“As more women have started collecting and attending shows and posting content and doing live breaks, it’s had an exponential effect,” she said.
While Mahan influences things from the dealer side, Chang is making an impact as a collector first. She first got into card collecting a few years ago as the hobby began experiencing renewed energy and growth. She’s been a die-hard Los Angeles Lakers fan since she was young, and she got into collecting with a friend because it was another way for them to express their fandom.
“Beyond purchasing jerseys or shoes, I wanted to collect cards because it’s another big stamp that shows I’m committed,” she said.
In particular, collecting cards made her feel more connected to Kobe Bryant, her favorite player. The first card that got her super excited about collecting was Kobe’s Topps rookie card from 1996, and it kick-started her journey to support other women interested in taking up the hobby.
About two and a half years ago, Chang launched her Instagram and YouTube channels, and she now reaches tens of thousands of collectors between them. She and fellow hobbyist Sam Shuford also co-host the Women of the Hobby podcast, which shines a spotlight on female collectors by showcasing their cards and highlighting a “woman of the week.”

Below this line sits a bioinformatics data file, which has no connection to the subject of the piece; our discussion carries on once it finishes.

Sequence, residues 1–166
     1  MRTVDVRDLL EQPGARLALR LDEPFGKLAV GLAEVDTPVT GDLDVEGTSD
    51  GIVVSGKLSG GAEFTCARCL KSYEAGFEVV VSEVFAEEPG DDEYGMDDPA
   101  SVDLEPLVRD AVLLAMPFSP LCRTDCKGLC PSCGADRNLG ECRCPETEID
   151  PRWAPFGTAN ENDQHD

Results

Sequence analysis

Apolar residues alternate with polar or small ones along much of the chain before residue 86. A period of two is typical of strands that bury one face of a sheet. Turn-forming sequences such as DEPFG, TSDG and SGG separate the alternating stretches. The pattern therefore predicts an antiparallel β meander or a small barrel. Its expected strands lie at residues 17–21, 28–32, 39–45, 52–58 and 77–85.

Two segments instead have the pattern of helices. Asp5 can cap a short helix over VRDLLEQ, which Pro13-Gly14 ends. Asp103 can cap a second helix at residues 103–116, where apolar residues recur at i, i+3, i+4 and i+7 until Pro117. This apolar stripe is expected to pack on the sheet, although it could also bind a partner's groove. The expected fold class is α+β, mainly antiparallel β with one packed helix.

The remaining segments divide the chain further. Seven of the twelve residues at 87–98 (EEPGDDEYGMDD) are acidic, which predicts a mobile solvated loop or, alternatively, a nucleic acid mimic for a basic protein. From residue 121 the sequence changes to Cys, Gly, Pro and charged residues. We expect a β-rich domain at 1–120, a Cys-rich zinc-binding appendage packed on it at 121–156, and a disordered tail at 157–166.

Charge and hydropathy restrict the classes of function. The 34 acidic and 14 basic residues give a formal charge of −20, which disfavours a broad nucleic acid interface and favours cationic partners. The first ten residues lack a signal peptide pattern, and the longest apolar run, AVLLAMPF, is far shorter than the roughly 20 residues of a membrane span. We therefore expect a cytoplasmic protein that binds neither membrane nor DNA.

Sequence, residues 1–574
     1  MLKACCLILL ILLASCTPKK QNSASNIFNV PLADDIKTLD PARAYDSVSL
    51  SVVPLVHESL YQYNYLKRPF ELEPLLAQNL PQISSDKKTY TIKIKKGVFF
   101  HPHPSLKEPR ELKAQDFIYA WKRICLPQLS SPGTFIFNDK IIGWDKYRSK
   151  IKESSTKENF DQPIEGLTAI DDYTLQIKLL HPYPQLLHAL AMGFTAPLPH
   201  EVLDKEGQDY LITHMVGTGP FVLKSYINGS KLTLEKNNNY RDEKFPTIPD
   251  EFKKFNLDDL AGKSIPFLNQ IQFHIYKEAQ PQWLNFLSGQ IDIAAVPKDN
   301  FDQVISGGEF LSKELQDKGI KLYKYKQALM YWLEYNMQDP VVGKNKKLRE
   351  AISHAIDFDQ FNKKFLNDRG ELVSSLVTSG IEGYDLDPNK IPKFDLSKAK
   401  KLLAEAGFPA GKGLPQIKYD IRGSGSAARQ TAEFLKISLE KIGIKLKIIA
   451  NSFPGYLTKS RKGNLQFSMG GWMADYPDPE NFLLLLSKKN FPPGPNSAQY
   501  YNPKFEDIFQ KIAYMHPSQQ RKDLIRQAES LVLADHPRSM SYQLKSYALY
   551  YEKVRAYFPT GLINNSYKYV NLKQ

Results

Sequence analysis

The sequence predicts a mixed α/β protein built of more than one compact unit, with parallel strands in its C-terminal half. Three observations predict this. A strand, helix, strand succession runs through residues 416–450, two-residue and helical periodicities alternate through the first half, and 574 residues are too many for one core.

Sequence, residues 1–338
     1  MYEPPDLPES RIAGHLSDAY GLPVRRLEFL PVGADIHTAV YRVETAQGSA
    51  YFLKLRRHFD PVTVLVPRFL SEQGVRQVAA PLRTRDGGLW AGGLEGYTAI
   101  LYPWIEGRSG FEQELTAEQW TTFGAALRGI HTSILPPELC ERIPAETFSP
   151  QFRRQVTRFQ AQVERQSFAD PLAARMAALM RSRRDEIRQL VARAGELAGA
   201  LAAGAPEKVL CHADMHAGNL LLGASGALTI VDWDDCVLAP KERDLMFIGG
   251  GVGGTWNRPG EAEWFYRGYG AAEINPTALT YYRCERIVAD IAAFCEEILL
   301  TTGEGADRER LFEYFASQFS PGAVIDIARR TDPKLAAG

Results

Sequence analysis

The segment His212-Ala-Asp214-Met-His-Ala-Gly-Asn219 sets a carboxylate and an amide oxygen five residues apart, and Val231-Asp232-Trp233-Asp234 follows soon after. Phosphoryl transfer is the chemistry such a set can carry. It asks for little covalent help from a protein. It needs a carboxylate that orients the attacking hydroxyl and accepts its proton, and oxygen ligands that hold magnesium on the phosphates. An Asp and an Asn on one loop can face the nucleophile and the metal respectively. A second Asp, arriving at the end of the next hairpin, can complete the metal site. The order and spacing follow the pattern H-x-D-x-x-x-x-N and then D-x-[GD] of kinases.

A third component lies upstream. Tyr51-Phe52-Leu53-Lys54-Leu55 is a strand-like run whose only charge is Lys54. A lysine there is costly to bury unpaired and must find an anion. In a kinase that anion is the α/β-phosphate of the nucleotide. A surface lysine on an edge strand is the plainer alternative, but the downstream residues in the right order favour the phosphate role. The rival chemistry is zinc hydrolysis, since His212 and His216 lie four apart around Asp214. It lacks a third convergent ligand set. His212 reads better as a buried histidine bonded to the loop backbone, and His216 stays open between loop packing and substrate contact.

Perhaps a bit daunted by the attention at first — when you’re a woman, “you’re instantly noticed when you walk in the room,” Chang says — she soon channeled her efforts into ensuring that seeing women at card shows became less of an extraordinary sight.
Chang says she gets chills whenever someone tells her that her content inspired them to embrace collecting, and she cites female pioneers like Fauci as her inspiration to keep going.
… But a Long Road Ahead
“Not just at a hobby level, but at a macro level, women are disadvantaged in some cases,” Chang noted.
The hobby has come a really long way in promoting female collectors and the cards of female athletes. That shouldn’t be taken for granted. But it would be a mistake to shrug and say, “it’s better than it used to be,” without trying to make the space even more inclusive.